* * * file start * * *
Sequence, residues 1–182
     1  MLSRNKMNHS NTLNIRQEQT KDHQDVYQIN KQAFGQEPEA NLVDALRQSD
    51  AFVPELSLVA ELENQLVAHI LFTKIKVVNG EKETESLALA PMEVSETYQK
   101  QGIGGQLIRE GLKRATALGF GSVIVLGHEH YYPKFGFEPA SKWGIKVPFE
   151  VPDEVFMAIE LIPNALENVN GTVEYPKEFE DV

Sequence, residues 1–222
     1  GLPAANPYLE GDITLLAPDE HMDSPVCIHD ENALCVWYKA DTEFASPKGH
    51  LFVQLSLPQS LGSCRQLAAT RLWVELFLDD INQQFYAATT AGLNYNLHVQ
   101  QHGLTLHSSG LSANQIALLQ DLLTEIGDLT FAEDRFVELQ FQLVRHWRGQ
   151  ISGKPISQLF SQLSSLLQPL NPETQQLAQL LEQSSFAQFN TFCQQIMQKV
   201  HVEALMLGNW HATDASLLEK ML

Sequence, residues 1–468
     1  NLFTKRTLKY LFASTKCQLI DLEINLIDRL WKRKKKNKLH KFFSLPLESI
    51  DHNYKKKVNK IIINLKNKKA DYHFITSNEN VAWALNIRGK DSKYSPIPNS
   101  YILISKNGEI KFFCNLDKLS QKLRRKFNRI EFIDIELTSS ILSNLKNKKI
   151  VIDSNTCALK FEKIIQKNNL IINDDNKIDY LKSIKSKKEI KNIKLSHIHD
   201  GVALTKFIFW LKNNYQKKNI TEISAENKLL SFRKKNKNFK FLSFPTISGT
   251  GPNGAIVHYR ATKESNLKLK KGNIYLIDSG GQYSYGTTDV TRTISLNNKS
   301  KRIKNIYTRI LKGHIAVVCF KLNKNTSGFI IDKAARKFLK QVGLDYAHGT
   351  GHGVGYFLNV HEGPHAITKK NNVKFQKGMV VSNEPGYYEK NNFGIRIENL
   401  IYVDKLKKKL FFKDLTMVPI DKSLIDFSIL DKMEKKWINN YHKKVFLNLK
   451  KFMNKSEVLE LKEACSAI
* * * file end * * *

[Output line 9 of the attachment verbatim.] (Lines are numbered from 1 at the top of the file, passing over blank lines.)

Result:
   101  QHGLTLHSSG LSANQIALLQ DLLTEIGDLT FAEDRFVELQ FQLVRHWRGQ